I’m always curious when looking at running software what all it took to put that experience together. Never from a place to second guess one’s decisions but more just curiosity and this little game in my head where I try to deconstruct the solution all they way down to tools, frameworks and environments that were used to build it. That state of mind was the genesis for the below paragraphs. This is by no means a strong opinion piece to others, but when it comes to my personal setup (like most developers I know) I’m pretty particular.
Based upon my previous posts if you are following along I’m a big fan of C# and .NET. More specifically I’m in love with .NET Core. In my opinion, there isn’t a better general purpose compiled language. When it comes to the platform I’m currently working on, I’m using C# for the following workloads
- Real time event processing
- API development/delivery
- Core domain logic/libraries
- Data access and working with MongoDB
The craziest thing about all of this is that none of it is running on Windows. Well crazy if you’ve been a C# developer for more than 3 years. So I’m deploying workloads in both Docker (Linux) and then using AWS’ Lambda Serverless service. I’d say C# makes up 70% of what I’m working with on a day to day basis. Which leads into the other 30%
I really like Node. It’s super easy to get something up and running and holds its weight in terms of performance. Workloads I’m using this in
- Event driven processing
- Scripting and automation
When I started learning Node, I thought I’d be doing more with it in terms of the pipeline/platform work, but my C# pull ended up winning in out. I’ve talked to this before and written about it other spaces. It isn’t so much a reflection on Node as it is a nod towards .NET Core.
Our core front end application is built and delivered as a Single Page Application deployed to a CDN (I’ll have more on this in later posts). I’m working with React 16.4 right now and am very happy with it. Things I really like about React
- State management
- Build/deployment tools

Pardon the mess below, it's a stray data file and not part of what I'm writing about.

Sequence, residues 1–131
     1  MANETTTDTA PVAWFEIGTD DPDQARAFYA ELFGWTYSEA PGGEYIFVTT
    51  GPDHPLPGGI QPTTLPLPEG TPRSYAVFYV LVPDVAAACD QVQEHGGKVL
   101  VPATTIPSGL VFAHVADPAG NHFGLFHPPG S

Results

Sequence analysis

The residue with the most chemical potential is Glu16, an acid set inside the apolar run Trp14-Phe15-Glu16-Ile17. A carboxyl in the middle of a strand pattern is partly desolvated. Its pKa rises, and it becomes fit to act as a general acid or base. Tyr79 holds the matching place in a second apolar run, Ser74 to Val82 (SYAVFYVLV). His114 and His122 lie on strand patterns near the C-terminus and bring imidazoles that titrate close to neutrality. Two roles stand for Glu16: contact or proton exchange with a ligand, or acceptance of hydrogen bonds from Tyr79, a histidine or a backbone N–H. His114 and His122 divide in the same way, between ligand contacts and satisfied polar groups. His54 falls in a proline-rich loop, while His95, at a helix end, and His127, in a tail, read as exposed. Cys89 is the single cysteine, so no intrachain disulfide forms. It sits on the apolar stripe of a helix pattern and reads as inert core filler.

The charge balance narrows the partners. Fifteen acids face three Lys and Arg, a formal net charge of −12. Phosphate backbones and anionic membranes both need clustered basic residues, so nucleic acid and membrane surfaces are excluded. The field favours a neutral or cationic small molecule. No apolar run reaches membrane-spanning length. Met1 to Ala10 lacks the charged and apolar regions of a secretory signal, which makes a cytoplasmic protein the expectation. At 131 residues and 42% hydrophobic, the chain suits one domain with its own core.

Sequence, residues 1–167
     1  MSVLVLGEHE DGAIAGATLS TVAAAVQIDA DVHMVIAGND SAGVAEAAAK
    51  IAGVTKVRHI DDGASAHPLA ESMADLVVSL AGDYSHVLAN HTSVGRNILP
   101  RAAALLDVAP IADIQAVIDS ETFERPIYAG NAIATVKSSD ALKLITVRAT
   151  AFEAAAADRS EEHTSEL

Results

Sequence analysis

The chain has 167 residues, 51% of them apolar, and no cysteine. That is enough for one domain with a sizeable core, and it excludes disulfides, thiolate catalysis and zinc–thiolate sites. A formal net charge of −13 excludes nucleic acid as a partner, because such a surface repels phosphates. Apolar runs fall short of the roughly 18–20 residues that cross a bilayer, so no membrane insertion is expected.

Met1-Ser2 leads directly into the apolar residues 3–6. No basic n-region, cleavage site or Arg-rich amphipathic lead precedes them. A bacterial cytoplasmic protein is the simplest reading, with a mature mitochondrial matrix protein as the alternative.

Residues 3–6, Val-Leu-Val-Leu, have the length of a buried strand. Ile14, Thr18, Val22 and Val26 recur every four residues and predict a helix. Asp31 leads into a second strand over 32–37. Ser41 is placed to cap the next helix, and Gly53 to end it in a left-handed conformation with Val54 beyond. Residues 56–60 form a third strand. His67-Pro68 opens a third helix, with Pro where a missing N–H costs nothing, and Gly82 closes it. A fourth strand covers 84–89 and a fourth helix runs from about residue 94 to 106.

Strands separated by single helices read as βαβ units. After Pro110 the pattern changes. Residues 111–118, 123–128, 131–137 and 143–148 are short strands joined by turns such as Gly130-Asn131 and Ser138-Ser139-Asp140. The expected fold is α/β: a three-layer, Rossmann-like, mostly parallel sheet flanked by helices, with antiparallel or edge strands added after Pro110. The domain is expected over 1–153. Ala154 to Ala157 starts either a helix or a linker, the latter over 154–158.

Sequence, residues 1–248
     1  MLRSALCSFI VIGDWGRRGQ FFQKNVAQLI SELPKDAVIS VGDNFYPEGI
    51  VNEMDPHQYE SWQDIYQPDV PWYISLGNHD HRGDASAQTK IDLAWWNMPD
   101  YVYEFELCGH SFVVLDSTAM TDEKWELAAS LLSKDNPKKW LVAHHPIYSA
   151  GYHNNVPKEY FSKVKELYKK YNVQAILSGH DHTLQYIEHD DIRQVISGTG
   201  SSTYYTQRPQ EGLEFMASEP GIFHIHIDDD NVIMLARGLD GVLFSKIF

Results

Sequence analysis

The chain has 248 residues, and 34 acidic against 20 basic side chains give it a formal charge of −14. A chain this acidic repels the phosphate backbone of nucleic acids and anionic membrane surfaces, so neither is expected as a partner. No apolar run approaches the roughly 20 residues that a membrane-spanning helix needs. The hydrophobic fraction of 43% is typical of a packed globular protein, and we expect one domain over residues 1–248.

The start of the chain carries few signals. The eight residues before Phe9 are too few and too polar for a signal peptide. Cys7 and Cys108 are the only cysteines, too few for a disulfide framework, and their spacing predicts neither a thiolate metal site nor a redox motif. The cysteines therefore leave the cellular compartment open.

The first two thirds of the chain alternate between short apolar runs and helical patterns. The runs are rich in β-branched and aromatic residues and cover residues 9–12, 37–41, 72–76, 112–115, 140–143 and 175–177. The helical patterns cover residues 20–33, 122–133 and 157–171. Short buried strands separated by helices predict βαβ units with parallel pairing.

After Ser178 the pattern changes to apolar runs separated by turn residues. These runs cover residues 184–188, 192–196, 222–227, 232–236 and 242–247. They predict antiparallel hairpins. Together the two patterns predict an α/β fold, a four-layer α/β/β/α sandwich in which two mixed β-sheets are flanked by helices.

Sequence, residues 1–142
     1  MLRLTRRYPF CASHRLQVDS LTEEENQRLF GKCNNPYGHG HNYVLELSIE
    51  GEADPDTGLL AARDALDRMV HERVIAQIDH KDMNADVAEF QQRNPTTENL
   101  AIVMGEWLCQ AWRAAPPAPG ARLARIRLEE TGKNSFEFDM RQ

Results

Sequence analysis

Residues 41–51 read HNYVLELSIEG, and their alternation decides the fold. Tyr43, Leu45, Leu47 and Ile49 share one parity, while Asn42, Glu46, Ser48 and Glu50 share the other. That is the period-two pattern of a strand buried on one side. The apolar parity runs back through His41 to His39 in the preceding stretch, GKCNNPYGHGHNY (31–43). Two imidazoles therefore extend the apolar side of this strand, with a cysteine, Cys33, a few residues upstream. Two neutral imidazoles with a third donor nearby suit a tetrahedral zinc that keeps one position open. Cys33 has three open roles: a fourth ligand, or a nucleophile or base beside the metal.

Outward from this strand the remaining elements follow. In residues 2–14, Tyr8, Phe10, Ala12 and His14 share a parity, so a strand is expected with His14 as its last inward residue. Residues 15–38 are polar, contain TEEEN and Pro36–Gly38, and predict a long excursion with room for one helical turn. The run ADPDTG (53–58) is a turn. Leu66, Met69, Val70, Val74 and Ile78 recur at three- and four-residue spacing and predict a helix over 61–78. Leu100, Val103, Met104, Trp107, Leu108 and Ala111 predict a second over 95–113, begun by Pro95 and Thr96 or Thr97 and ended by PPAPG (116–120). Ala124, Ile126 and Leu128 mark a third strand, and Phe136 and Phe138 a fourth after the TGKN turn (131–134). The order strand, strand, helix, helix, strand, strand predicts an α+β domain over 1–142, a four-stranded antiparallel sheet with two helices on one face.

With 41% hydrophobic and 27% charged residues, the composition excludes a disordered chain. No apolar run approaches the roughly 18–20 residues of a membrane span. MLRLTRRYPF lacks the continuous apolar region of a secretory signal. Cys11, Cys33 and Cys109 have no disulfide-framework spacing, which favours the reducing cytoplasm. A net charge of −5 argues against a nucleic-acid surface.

If you think that frameworks are hot topics, just ask developers about their IDEs and Editor setups. I’m fairly vanilla when it comes to a lot of this but want to provide some reasoning as to why on these pieces of software. Before I do so though, lots of arguments about tool x over tool y over tool z. My opinion on the this is simple. Find the tool that works for you and makes it easy to work with your team members if you are using something exotic to your group. If they all use X and you want to use Y and you are the only one; don’t make it so that they have to deal with your configuration files every single time they open a project. Be kind. Multiple tools can co-exist but sometimes it takes work and compromise.
You would think that I’m using Visual Studio 2017 Enterprise. But that’s not the case. Quick detour. For years I had an internally laugh that I’d built all of the this .NET code hosted in a Mac because I’m a big fan of the operating system and workflow. Parallels was my sidekick. I could host my Windows VM, run my Visual Studio and the world was good. However, with the creation of .NET Core and the folks over at Jetbrains (who make R#) cranking out Rider, I can happily and natively code, compile and test all in one native environments. So Rider is my preferred IDE when working with C#. So this is simple to me
- .NET Natively compiled and run on a Mac
- Resharper functionality built into Rider (I’d be running R# anyways in Visual Studio)